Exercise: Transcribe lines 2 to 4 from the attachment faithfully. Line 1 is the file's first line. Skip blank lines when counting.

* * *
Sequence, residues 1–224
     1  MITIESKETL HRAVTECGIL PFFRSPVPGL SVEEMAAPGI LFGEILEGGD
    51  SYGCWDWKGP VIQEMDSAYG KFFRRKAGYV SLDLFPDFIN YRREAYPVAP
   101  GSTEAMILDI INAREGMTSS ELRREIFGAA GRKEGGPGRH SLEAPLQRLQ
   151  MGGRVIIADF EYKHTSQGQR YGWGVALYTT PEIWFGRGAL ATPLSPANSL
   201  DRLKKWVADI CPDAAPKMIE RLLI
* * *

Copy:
     1  MITIESKETL HRAVTECGIL PFFRSPVPGL SVEEMAAPGI LFGEILEGGD
    51  SYGCWDWKGP VIQEMDSAYG KFFRRKAGYV SLDLFPDFIN YRREAYPVAP
   101  GSTEAMILDI INAREGMTSS ELRREIFGAA GRKEGGPGRH SLEAPLQRLQ